But in the fall of 2001, differences emerged in how those representatives thought the aid should be structured. Senator Hillary Rodham Clinton, among others, wanted to set up an Office of World Trade Center Attack Claims to reimburse businesses and individuals in Lower Manhattan.

    But the White House budget director at the time, Mitchell E. Daniels Jr., prevailed in dictating that much of the money be distributed by the Department of Housing and Urban Development and its Community Development Block Grant program, which would give local authorities great flexibility in how to use federal dollars.

    "Rather than create a new federal agency, we felt that the city and state would know best how to spend that money," said Representative James T. Walsh, the New York congressman who is a member of the Appropriations Committee and chairman of the subcommittee that oversees HUD.

    Mr. Pataki and Mayor Rudolph W. Giuliani, both Republicans, supported that approach. But in the end, as the legislation was enacted, the grant program specified that the money be controlled by New York State.

    Congress also required that within 45 days, state officials issue regulations for a program to reimburse businesses for economic losses related to 9/11.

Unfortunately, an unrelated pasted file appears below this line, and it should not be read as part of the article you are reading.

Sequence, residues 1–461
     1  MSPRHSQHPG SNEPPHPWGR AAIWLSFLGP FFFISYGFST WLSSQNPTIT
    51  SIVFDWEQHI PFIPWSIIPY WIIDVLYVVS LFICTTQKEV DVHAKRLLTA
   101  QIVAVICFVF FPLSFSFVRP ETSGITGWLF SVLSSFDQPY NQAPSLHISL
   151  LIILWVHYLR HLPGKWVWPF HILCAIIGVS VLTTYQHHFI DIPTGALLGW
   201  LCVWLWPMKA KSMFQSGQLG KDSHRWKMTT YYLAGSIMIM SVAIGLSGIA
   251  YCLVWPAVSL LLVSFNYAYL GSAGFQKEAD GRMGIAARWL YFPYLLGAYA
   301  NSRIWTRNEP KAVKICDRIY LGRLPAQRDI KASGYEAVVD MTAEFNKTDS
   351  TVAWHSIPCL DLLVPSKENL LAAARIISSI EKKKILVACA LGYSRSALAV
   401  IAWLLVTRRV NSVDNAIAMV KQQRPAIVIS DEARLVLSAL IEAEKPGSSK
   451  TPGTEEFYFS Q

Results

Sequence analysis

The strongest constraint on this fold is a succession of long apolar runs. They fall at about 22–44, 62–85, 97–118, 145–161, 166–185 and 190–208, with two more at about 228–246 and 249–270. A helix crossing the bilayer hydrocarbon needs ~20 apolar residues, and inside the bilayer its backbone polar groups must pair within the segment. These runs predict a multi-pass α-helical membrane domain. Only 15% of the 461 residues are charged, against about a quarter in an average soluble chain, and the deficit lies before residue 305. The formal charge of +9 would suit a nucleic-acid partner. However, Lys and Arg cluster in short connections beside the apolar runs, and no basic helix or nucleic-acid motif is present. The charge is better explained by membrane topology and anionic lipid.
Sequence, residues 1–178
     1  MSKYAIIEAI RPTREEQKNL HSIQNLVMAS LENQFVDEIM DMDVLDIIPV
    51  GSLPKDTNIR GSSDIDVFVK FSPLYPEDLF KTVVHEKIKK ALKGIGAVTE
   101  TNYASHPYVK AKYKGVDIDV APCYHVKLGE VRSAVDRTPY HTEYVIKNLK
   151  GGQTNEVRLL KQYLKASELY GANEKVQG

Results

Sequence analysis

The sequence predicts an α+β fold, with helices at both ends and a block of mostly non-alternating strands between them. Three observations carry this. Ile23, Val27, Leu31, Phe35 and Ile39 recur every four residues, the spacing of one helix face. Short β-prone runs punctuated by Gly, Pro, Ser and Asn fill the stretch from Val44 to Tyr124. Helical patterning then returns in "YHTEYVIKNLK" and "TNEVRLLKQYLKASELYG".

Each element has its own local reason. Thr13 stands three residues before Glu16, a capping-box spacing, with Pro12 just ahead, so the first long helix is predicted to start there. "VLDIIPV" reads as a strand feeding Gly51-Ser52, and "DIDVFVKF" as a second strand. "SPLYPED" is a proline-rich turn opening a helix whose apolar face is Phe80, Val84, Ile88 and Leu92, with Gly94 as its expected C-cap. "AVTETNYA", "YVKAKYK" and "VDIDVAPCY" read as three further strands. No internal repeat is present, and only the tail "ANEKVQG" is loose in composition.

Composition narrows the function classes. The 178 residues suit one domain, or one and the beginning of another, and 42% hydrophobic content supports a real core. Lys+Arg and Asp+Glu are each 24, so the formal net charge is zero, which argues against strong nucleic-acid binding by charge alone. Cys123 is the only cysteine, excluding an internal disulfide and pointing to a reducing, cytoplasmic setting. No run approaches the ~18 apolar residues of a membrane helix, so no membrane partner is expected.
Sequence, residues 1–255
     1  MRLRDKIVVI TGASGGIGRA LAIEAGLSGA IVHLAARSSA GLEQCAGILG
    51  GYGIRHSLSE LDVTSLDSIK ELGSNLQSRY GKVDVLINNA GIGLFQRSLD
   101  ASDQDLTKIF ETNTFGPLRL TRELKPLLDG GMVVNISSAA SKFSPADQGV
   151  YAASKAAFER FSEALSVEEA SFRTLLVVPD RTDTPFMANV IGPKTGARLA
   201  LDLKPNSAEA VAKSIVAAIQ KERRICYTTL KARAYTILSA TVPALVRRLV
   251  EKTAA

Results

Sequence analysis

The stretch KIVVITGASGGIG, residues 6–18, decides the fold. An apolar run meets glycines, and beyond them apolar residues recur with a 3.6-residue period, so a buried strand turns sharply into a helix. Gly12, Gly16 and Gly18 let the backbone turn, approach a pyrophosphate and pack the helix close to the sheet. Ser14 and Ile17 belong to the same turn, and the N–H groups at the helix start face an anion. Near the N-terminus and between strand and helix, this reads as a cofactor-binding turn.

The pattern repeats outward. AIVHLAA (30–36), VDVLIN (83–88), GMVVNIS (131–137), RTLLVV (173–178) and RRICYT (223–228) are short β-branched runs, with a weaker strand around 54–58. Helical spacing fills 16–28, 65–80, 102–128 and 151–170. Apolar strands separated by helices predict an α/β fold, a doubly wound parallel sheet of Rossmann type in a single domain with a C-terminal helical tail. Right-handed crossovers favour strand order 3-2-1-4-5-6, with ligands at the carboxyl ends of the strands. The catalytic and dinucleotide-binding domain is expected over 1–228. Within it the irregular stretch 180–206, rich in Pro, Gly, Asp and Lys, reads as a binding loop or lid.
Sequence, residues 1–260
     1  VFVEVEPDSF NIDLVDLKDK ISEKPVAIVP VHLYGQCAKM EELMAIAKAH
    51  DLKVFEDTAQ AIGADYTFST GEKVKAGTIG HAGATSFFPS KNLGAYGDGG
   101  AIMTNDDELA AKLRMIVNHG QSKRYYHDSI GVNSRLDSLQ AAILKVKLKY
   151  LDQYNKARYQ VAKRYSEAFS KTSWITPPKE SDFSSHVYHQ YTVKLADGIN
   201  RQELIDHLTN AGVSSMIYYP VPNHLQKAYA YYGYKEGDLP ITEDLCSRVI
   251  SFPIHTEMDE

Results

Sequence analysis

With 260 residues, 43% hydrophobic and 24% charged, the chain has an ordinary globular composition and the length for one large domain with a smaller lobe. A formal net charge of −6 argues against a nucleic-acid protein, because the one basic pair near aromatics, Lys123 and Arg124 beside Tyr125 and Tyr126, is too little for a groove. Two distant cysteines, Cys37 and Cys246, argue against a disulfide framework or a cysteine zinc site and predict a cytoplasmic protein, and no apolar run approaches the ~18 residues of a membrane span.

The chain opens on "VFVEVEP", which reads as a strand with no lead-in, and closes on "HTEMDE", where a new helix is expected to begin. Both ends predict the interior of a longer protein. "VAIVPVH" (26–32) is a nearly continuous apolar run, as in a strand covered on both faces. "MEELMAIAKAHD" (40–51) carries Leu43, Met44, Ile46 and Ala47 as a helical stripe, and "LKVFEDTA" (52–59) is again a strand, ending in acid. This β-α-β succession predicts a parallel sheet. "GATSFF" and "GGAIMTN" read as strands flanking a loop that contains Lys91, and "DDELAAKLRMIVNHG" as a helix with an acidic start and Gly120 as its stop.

"We had to get the money out as quickly as possible," Mr. Corbett said.

    Empire State officials, dismissing alternative suggestions from Congress, decided on their own guidelines for compensating businesses. A company's grant would depend on three primary factors: how close the business was to ground zero; its size, based on its annual revenues; and its "economic losses" related to 9/11.

    The agency did not require a company to document its losses. Instead, it had only to provide tax returns to certify its revenues in its fiscal year immediately before Sept. 11.

    Empire State officials laid the responsibility for those decisions at the feet of HUD officials. "They signed off on the form that did not require documentation of economic losses," Mr. Corbett said. "We were trying to keep the administrative burden within reason."

    Officials at HUD say such decisions were strictly up to Empire State Development. "As long as it is designed within the confines of the law, they can structure the program any way they want," said Jan C. Opper, a senior program officer at HUD who worked with Empire State.

    Congress had required that at least $500 million should go to "individuals, nonprofits or small businesses" south of 14th Street in Manhattan. Separate grant programs were set up for large businesses. Senator Charles E. Schumer said the New York representatives were concerned that small businesses not go unnoticed.

    "Big businesses know how to apply for these programs and how to get their money," he said. "If we didn't set aside something for small business, they were going to have a harder time."

    But the legislation did not define small business. Empire State Development ruled that any company with fewer than 500 employees would be eligible for grants, with no restrictions as to annual revenues.

    Representative Walsh said he thought the program was intended to help all businesses downtown. "We thought whoever was there, large businesses or small, or residents, should be able to access those funds," he said.